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Wikipedia anti-SOPA blackout bypass trick roils backers

Gregg Keizer | Jan. 19, 2012
A security company's advice on how to circumvent today's anti-SOPA Wikipedia blackout has roiled some users.

A security company's advice on how to circumvent today's Wikipedia blackout has roiled some users.

Earlier Wednesday U.K.-based Sophos told users they could access Wikipedia -- which blacked itself out as part of a Web-wide protest against pending anti-privacy legislation in the U.S. -- by running Mozilla's Firefox with the NoScript add-on installed.

With the NoScript add-on installed in Firefox, users can circumvent Wikipedia's SOPA blackout by selecting 'Forbid' from the NoScript menu at the left of the address bar.

NoScript blocks JavaScript, which Wikipedia is using to replace its content with a page that prompts people to lodge their dissatisfaction with two bills, the Stop Online Piracy Act (SOPA) and the Protect IP Act (PIPA).

SOPA and PIPA are being considered by the U.S. House of Representatives and the Senate, respectively. Opponents of the bills , which are designed to make it easier for U.S. copyright holders to retaliate against foreign websites that distribute pirated movies, music and software, have argued that the legislation will give content owners too much power -- enough to censor domestic websites.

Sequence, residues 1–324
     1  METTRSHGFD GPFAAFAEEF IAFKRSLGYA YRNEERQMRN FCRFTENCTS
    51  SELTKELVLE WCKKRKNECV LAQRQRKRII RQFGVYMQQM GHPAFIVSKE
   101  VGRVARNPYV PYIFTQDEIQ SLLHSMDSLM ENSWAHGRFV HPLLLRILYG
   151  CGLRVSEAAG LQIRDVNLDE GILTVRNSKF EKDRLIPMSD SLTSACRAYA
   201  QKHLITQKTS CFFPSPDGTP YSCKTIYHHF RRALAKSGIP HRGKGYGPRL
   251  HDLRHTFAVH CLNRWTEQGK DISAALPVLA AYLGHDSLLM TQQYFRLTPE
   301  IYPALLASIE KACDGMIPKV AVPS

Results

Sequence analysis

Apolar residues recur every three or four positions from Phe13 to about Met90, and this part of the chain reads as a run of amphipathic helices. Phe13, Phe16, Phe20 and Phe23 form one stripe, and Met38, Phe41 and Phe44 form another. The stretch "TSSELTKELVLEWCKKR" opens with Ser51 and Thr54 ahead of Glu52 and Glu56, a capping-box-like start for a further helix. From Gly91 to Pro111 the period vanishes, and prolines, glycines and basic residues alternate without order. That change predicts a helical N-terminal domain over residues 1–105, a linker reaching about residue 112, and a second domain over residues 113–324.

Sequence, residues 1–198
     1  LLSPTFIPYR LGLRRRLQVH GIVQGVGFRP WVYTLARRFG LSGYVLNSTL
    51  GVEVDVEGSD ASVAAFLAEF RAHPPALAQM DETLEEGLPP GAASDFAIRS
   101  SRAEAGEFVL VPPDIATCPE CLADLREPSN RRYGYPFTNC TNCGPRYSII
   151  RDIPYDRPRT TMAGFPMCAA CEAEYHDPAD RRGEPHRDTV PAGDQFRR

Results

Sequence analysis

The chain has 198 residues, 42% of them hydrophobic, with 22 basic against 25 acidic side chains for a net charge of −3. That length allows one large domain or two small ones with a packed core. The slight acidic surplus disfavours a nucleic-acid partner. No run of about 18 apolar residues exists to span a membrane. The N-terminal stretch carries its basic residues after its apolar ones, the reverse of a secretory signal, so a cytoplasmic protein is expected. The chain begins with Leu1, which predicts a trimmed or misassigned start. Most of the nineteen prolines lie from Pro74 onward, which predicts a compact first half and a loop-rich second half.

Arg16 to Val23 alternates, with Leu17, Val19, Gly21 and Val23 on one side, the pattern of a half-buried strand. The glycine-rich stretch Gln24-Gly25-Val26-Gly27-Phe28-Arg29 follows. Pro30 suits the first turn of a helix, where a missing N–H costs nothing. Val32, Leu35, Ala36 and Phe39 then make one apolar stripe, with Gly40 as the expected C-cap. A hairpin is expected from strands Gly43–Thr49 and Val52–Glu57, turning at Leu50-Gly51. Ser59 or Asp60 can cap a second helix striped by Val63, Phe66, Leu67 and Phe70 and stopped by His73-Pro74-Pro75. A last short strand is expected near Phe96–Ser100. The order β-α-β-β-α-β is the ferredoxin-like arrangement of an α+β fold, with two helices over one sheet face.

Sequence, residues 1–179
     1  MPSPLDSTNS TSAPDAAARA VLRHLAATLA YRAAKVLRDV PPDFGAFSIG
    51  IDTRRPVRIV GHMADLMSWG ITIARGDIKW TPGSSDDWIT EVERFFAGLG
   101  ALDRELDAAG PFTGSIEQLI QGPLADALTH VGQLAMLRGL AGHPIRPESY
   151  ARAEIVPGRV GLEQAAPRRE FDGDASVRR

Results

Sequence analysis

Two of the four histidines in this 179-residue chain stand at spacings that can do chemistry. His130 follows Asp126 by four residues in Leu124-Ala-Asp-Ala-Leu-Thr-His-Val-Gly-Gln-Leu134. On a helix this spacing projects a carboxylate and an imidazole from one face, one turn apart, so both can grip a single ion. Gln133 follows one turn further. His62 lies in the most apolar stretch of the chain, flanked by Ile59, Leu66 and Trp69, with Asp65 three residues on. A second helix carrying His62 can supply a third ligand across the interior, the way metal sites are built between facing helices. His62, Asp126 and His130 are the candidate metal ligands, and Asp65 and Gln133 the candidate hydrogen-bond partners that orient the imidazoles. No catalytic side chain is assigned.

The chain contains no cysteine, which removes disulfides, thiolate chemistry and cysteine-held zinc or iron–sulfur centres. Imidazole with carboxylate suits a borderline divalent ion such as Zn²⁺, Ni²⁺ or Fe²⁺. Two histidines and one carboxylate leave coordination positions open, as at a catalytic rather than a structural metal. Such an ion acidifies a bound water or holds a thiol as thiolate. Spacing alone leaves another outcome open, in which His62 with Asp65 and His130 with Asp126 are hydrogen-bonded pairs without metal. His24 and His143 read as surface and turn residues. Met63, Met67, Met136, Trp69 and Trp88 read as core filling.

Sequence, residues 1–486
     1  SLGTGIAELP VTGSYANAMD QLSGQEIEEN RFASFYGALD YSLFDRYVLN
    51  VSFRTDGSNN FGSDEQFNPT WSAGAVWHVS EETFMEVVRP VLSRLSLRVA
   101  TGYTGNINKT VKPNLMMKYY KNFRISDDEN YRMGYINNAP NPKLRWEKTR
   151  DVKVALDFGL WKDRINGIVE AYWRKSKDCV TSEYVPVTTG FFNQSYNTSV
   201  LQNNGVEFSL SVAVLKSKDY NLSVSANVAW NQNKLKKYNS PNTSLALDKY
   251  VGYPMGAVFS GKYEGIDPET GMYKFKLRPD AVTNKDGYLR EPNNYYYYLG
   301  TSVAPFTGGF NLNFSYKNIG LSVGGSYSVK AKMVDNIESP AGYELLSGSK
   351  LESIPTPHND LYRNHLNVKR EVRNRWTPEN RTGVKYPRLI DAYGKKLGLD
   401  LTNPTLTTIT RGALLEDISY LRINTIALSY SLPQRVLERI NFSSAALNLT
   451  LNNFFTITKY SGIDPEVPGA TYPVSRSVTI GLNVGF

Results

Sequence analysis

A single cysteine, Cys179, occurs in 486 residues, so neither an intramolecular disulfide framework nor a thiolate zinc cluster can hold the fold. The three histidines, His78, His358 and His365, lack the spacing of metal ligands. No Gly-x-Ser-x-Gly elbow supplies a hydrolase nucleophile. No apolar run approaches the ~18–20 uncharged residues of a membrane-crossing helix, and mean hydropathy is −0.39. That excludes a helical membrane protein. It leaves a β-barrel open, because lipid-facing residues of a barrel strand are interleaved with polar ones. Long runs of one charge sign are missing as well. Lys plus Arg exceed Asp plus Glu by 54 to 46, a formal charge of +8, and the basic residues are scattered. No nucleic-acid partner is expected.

By running NoScript in Firefox, then disabling scripting on

Mozilla joined the protest as of 8 a.m. ET today by changing the default home page of Firefox from a white background to black.

Graham Cluley, a Sophos senior technology consultant, said he found the NoScript workaround when he browsed to Wikipedia earlier today and did not see its anti-SOPA pitch.

"I could see Wikipedia, and wondered, 'What's this?'" said Cluley in an interview Wednesday. "But then I realized it was NoScript that was preventing the blackout."

Some commenters , however, weren't happy that Sophos publicized an end-around.

"You must be very proud of yourself for posting a way to get around the protest," said someone identified only as "Andy" in a comment early today. "I hope you enjoy the Internet under your new SOPA overlords."

"I must say I am very unimpressed and deeply disappointed [about] the utter lack of support [from] a very reputable company like Sophos in presenting this workaround," said another reader, Simon Cousins. "The 'Going Dark' message is not meant to be a challenge for people to get around because it spoils their Internet experience. It is an important message that people NEED TO READ to understand the huge violation of free speech that is SOPA."

Others were more supportive.

"Mr. Cluley's post does not defeat, or deflate, or depreciate, or even effect an online protest at all," said someone labeled "Solenoid."

Wikipedia itself has offered ways to access its content today, Cluley noted.

"People feel very, very strongly about SOPA, and the comments show that, but come on, Wikipedia themselves tell you how to get around the blackout," said Cluley. "It doesn't have to be a 100% blackout to be effective. What they did was enough to get the message across."


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